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What's in the secret sauce of index funds?

Glenn Freeman  |  03 Apr 2017Text size  Decrease  Increase  |  

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The active versus passive fund management debate rolls on, and the outperformance of index funds will also continue, says Vanguard's head of investment and equities, Asia Pacific.


Having recently been named Morningstar's Australian Fund Manager of the Year for the second time in three years, Vanguard knows plenty about what makes equity markets tick.

One of the most recognisable names in index investing--as distinct from active management--Vanguard's Asia Pacific head of investment and equities, Rodney Comegys, has a strong view on how it stacks up against active management.

"Index funds are here to stay. They're going to continue to perform well against the competition, if the active manager has high fees. Index funds work because of low fees, it gives them a fighting chance right from day one," Comegys says.

"We should remind ourselves that the biggest difference between us and other managers is in fees. The cheaper price guarantees us better performance just in that relative expense ratio. If the active funds keep costs down, they can insert alpha, but they have to get their fees in line and not destroy their alpha."

Though he doesn't write off active funds--indeed, in the last six weeks Vanguard has also added active management to its Australian dashboard, following suit with its active business in the US: "There will be active funds that outperform, but I don't think the days of index funds are in any way over."

"In the US, we have over $1 trillion of AUM (assets under management) in active management funds--we believe in each of those, but we're keeping our costs low so it doesn't destroy that alpha."

His comments contrast with those of a Grant Samuel Funds Management executive, Damien McIntyre, who suggests the salad days of index funds are almost over.

Vanguard's Comegys believes the fees argument is one thing that more or less guarantees indexers a headstart over active managers.

"Also, with active funds, you have to be prepared for periods of underperformance. We're not anti-active, we just think that passive has a good chance because of its cost and its consistency," he says.

"Every time there's a period of crisis or of constraints on growth, they say active is going to outperform--but Vanguard has survived all those periods since 1976."

How active is active?

Active share is another issue you need to be mindful of in deciding between active or passive funds. This refers to how correlated funds are to any given index--a fund with high active share performs considerably differently to an index, while one with low active share will often be quite closely index-aligned.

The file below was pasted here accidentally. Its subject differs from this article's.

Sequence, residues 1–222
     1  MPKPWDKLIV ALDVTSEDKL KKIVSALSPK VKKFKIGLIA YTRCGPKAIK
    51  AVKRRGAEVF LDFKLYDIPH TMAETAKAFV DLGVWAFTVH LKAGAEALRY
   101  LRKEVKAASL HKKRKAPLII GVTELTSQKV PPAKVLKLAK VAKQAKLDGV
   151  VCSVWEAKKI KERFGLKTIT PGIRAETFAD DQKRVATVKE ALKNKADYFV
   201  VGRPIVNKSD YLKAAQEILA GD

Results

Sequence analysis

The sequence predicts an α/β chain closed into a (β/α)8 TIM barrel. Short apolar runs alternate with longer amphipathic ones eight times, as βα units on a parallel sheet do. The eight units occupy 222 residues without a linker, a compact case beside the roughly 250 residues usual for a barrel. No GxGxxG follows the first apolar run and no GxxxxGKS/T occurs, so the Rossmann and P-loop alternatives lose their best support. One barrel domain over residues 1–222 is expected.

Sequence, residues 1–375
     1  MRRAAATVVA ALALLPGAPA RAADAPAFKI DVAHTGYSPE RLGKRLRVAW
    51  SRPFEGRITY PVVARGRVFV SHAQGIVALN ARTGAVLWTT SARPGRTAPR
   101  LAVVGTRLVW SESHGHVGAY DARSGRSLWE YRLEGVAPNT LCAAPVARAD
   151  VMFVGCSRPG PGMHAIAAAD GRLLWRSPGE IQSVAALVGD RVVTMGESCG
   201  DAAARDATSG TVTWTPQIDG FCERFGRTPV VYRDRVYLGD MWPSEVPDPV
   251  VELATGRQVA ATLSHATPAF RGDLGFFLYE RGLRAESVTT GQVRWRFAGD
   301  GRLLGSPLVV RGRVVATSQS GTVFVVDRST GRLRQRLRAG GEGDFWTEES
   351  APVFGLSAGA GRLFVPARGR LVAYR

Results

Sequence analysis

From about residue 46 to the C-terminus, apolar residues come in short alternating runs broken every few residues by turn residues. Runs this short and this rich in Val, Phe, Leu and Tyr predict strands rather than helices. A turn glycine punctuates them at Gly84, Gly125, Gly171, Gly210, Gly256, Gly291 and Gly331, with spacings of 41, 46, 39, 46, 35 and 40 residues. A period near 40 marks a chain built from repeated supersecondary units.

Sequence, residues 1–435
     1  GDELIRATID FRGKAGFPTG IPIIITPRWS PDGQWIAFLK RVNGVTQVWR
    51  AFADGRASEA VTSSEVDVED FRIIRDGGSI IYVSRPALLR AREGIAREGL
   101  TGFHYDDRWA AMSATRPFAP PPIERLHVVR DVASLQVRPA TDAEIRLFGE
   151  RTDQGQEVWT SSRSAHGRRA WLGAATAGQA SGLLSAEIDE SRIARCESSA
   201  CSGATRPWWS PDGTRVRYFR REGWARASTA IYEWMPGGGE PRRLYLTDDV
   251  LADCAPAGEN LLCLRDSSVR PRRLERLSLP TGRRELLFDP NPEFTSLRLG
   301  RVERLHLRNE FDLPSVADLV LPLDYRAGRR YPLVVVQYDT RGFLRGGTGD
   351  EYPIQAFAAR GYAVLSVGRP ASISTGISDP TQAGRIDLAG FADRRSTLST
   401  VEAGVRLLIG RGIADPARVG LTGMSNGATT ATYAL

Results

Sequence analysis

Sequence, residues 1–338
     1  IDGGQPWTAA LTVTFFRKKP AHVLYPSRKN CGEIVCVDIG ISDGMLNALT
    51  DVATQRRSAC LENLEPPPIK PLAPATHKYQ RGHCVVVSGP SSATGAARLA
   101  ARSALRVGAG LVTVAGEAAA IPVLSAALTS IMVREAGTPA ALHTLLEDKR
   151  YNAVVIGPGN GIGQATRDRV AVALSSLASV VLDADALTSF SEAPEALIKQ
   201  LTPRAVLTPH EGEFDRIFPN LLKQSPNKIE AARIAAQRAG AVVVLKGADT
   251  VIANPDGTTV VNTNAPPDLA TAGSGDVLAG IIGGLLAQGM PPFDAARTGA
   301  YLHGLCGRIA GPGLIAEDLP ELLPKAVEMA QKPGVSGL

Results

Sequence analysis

No one wants to be paying active fees for inactive management. A good way to assess if your manager really is taking differentiated calls from the index is through active share, which measures the active component of an investment portfolio in relation to an index.

This is a topic that Morningstar has researched extensively--its Equities Sector Wrap has been tracking "active share" since 2011.

Professor Martijn Cremers, from the University of Notre Dame, recently spoke with Morningstar UK about this topic.

"Those funds with low active share, below 60 per cent or so, substantially underperform. On the upside, there's much weaker evidence active managers have had a hard 10-15 years, but there's some evidence, that the high active managers, even as a group, have performed fine," Cremers says.

"If anything, most funds are not that high active share. So, unless you know that the fund is high active share, then I think passive is, for many investors, the right approach.

"At the same time, I like the core-satellite approach, where the core would be passive, but then for the satellites, you go wide and you diversify, and introduce high active share managers."

While fund manager skill is hard to measure, Cremers suggests that selecting a fund with high active share means that, at the very least, the manager has "the courage of its convictions and a lot of opportunity to actually be different".

"And so, in my view, having a high active share means at least having conviction and opportunity. In general, it takes a lot of skill to successfully run a high active share fund for a while.

"So, whenever you find that the patient high active share managers have done well, that's what I would suggest for the satellite."

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Glenn Freeman is Morningstar's senior editor.

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